Voters on Tuesday rejected a proposal to put provisions of Virginia’s right-to-work law in the state constitution.

Another proposed constitutional amendment won easy passage. It is meant to aid the families of first responders killed in the line of duty by allowing localities to exempt a surviving spouse’s real property from taxation.

Virginia’s right-to-work law says participation in a union may not be a condition for employment in the state.

Supporters of the constitutional amendment said the right-to-work provision is a key factor in maintaining a strong business climate in the state. Opponents termed it an anti-union measure.

Backers said embedding the provision in the constitution would make it harder for a future General Assembly to undo. Opponents said it did not belong in the constitution.

The Virginia AFL-CIO opposed the amendment “for a whole slew of reasons but most importantly because it has nothing to do with rights,” said Gina Maglionico, the organization’s communications director. “By design, a constitution is meant to protect the rights of citizens, not stifle them.”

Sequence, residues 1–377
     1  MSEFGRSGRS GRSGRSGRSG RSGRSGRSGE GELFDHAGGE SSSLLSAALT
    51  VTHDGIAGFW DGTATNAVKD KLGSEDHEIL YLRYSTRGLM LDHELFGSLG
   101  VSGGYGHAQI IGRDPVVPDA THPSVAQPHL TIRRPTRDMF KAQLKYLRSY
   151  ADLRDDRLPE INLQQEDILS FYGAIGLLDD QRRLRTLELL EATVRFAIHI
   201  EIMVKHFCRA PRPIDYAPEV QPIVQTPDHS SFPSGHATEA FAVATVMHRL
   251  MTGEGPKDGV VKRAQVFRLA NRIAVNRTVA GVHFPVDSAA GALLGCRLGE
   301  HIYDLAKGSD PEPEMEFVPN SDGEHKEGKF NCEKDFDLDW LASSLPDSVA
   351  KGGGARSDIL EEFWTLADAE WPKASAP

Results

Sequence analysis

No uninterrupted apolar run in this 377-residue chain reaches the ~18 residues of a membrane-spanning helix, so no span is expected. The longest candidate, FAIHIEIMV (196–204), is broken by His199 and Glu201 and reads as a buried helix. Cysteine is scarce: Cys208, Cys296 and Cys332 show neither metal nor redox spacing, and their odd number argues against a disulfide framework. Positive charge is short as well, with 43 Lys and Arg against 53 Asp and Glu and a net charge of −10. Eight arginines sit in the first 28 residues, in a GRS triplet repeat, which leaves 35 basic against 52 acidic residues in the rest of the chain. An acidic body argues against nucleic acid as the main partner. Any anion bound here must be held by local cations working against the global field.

Nicole Riley, Virginia state director for the National Federation of Independent Business, had said: “If you believe that people should have the freedom to take a job without being required to join a union to get or keep their job, then you want to vote YES on Question 1.”

The other proposed amendment will authorize the General Assembly to enact a law that would let a locality exempt from taxation the real property of the living spouse of any law enforcement officer, firefighter, search-and-rescue personnel member, or emergency medical services personnel member killed in the line of duty.

The exemption from taxation would apply to the surviving spouse’s principal place of residence. It would cease if the surviving spouse remarries.

acain@timesdispatch.com (804) 649-6645

Twitter: @AndrewCainRTD

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